There’s a chance to take on a leadership position

Another reason you could’ve parted ways with your old employer is there were no opportunities for upward mobility. So after gaining new experience and knowledge, you hear about a chance to rejoin your previous company in a higher-level position as a manager or executive leader. If you land the job, you’ll have the advantage of knowing the processes and staff you’ll be working with.

How to get a job with your former employer? 

So, after taking the time to thoroughly verify if your career goals match returning to your former company, and you’ve made up your mind to get back in touch with your old boss, continue with the interview process, or even get straight to negotiating an offer, it’s time to set a game plan. Here are some moves you should consider for getting the job. 

Keep in contact with old coworkers and managers

Politeness is more than a value that showcases your professionalism and commitment. Being diplomatic with former coworkers and employers can open a few doors in the future, especially when you’re the one taking the first step to get a job at an old company. Aside from the fact that they can share insight into the current situation at the organization or the status of a role, they can also be a reference that helps you get the job or be rehired.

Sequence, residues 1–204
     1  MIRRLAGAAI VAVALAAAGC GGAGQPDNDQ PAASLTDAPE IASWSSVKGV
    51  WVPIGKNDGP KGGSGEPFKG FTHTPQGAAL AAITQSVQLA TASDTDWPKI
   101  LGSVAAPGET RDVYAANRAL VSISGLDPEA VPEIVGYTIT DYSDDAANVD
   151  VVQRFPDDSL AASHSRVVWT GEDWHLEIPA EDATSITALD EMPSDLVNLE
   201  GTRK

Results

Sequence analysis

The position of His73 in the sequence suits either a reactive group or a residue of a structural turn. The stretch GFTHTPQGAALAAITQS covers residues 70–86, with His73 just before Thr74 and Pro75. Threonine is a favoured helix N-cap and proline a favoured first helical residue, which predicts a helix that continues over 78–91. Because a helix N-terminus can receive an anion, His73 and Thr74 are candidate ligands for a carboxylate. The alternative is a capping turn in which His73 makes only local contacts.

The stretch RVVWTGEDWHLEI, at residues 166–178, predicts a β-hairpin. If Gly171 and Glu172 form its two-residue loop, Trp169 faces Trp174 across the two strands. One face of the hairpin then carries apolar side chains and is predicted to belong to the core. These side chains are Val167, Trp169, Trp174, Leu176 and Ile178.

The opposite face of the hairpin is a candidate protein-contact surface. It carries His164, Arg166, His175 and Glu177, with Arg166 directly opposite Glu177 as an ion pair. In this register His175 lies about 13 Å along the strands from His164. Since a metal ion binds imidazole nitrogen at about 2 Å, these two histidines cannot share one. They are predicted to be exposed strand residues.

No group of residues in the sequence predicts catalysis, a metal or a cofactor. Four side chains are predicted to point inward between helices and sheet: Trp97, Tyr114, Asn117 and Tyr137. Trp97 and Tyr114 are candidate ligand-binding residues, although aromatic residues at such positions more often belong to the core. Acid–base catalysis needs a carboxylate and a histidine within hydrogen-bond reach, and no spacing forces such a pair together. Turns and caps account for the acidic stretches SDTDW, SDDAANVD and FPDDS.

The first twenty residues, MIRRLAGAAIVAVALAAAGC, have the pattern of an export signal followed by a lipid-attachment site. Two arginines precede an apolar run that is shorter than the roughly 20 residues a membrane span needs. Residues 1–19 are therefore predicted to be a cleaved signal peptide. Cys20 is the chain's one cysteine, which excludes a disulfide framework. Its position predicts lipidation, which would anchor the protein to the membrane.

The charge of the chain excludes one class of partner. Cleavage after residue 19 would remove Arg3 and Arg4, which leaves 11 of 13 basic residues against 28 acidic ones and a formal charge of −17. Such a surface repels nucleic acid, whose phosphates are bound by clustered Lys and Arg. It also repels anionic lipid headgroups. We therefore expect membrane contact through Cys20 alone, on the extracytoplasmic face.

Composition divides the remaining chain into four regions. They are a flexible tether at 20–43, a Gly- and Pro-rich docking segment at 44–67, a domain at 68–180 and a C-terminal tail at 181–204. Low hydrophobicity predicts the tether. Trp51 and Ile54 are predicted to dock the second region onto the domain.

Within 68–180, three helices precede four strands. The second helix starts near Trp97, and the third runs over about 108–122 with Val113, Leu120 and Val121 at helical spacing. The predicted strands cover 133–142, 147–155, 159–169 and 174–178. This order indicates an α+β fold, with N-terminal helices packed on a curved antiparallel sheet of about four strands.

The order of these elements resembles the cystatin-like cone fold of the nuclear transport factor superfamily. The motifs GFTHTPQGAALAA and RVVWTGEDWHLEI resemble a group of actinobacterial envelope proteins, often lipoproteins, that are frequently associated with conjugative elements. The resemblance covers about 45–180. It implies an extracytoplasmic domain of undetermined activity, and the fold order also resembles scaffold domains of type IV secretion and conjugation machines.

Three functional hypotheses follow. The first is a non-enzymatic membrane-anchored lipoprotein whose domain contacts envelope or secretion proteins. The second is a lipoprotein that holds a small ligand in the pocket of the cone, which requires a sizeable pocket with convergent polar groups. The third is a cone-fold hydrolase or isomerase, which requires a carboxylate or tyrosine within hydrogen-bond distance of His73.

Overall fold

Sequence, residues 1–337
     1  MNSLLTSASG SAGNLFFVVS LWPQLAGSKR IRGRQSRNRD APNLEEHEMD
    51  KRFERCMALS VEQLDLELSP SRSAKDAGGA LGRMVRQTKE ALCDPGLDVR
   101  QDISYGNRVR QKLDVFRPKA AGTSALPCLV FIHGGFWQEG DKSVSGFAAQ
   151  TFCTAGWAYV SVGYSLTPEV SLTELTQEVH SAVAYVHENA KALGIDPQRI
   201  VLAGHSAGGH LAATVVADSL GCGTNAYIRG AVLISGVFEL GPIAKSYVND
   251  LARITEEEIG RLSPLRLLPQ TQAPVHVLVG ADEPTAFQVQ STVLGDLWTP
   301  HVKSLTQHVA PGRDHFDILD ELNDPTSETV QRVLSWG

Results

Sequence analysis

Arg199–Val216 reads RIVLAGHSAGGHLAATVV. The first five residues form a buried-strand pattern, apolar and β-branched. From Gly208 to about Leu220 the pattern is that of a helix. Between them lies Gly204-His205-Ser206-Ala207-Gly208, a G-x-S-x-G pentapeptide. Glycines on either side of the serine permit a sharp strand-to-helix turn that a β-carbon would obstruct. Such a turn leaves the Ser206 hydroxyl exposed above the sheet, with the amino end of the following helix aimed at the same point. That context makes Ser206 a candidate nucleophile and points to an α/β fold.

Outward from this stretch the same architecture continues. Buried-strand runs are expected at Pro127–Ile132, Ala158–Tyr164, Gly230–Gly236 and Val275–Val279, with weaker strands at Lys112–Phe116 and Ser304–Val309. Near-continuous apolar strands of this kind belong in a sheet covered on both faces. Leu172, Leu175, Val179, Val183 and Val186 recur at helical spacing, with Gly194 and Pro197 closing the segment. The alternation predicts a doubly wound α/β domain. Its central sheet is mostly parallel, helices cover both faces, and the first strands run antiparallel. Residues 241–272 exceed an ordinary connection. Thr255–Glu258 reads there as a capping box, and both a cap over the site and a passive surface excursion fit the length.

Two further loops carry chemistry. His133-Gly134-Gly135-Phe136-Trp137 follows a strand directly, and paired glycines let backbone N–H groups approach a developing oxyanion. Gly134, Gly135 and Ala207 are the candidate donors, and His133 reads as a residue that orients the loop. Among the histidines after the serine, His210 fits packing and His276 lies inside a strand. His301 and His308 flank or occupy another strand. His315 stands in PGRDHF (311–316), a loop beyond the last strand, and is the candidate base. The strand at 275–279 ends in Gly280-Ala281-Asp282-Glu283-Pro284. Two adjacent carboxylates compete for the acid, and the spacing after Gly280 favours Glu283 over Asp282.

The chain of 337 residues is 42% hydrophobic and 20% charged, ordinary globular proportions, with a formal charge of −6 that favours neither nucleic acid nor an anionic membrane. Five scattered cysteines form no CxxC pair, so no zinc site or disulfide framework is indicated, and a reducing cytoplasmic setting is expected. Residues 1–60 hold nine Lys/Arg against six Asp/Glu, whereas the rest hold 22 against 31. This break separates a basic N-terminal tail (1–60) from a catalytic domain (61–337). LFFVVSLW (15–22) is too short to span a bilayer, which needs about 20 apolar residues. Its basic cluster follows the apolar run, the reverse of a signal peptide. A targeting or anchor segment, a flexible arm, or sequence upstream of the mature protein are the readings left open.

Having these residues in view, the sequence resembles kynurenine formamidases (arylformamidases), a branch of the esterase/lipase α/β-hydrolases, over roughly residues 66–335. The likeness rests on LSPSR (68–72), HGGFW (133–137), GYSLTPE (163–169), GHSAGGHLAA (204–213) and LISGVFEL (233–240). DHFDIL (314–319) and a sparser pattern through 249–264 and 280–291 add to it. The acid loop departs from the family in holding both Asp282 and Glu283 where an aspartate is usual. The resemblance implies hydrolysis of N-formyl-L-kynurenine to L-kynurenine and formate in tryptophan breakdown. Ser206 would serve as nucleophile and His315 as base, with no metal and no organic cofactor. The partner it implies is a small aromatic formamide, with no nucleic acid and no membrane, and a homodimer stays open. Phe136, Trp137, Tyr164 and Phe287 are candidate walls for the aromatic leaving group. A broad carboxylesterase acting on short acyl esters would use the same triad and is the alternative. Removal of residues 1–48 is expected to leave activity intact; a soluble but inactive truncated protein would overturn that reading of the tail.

Revisit why you left and your reasons to return

Continuing on the importance of leaving on good terms, before meeting with a previous manager you need to recall the content of your resignation letter so you can align the reasons for your departure and why you’re coming back. This is an opportune time to point out that if you didn’t leave on good terms, you should think twice if getting a job at this company is the wisest decision. 

Make sure to have solid justification for returning and be clear with your interviewer about it. Let them know you’ve achieved what you were seeking when you left and how that makes you a better fit. The key is to emphasize your growth and how much you’ll enjoy working for them again and collaborating on their new projects. 

Prepare for your interview